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Sacred Games Season 1 Episode 2 Review: Halahala

The plot takes a step back as the show spends some time with its characters

We’ll be doing individual episode reviews for Sacred Games culminating in a final season review. Although Netflix has released all episodes, some viewers may still want to savor the show one episode at a time. Each review is written as the episodes are seen without knowledge of any future episodes and as such, all theories presented about what lies ahead are pure speculation. The episode reviews may contain spoilers so discretion is advised while reading them.

After a strong start with the first episode, Sacred Games eased in a bit on its central storyline as it took a detour to explore the assortment of characters it introduced in its debut hour. Of course it doesn’t pull a Walking Dead by having an entire episode revolve around Nawazuddin’s Gaitonde or any of the side characters but it meanders around a bit, letting scenes breathe and play out over a substantially slower pace as it teases something big.

The central highlight of this episode is Gaitonde’s rise to power. As much as it comes across as a bit too cinematic at times, there’s a heightened sense of realism overall when depicting the time Gaitonde spent in 1980s Bombay. Characters talk with an eerily realistic dialect while sequences play out as naturally close to real-life as possible. For those familiar with Anurag Kashyap’s works, this is often a staple of his most renowned material, whether it’s Black Friday that revolved around the 1993 Bombay Blasts, Dev D that was a spin on the classic story of Devdas or his more recent Ugly centered around a child’s kidnapping. Characters converse in a manner that seems lifted straight out of street life.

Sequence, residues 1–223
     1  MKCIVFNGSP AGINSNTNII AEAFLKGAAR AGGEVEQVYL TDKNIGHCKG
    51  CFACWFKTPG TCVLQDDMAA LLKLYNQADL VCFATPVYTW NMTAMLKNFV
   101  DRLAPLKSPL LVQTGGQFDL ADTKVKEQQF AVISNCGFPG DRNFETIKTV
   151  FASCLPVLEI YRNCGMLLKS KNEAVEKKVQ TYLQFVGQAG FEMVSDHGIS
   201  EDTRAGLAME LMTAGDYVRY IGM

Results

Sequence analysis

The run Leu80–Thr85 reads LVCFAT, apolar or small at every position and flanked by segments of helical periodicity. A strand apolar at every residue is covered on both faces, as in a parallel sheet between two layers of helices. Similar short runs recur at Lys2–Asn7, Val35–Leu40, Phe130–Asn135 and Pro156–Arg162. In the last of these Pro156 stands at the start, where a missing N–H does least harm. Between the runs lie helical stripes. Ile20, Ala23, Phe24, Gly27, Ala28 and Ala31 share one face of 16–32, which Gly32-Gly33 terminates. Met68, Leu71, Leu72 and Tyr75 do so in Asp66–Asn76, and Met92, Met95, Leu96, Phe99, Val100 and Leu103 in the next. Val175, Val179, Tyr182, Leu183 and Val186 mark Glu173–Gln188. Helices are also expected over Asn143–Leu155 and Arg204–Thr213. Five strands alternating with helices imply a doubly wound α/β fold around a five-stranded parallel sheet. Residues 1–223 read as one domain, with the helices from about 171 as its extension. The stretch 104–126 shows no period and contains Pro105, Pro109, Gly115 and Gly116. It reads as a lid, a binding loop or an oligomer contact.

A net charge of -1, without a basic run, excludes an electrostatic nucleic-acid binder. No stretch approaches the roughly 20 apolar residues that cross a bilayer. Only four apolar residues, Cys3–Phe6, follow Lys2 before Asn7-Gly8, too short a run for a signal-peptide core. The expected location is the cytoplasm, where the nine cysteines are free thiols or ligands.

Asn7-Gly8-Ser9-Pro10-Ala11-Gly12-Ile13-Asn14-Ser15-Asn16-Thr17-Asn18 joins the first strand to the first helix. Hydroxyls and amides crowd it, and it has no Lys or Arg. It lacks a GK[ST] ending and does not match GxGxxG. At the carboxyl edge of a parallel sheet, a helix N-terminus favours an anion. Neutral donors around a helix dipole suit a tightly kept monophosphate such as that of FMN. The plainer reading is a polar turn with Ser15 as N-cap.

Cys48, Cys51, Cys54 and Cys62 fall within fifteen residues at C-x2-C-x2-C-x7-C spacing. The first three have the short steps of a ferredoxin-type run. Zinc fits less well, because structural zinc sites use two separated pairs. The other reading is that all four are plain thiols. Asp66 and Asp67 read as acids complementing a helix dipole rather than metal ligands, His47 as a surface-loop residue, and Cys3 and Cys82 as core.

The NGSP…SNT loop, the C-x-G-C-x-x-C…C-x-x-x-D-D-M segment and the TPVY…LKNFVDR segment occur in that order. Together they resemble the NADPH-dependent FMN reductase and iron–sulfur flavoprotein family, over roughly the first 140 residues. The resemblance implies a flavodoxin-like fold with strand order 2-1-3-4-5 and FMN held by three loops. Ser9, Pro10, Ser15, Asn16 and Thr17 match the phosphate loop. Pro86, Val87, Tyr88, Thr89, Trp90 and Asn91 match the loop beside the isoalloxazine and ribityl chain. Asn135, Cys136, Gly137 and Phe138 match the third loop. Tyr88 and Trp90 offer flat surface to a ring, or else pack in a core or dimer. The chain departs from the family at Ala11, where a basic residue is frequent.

In fact its the juxtaposition of cinematic material blended in with a realistic take that elevates Kashyap’s material above the rest. And now, with Udaan veteran Vikramaditya Motwane by his side, the duo churn out a competent episode that ticks off all the boxes when it comes to standing out in production values. The bulk of outdoor sequences still play out at night whereas daytime sequences are largely set indoors, a challenge which the filmmakers are continuously going to find hard to subvert seeing the difficulties of shooting in the city.

At this point, a special mention needs to be made of the outstanding background score that raises the stakes manifold in several sequences that are devoid of any dialogue. The intro is already starting to grow on me and by the time the show’s done, I might be humming it more frequently than I’d want to. Even so, Sacred Games employs background score effectively to fill out the dead-pan silences that grace several scenes where you have characters roaming around looking for evidence and hints about the chain of events that triggered Gaitonde’s fate at the end of Episode 1. In fact, Sartaj Singh’s entry into the scene of the crime to stealthily sneak out evidence almost plays out like a mission from Hitman 2: Silent Assassin. Anyone in for a video game adaptation?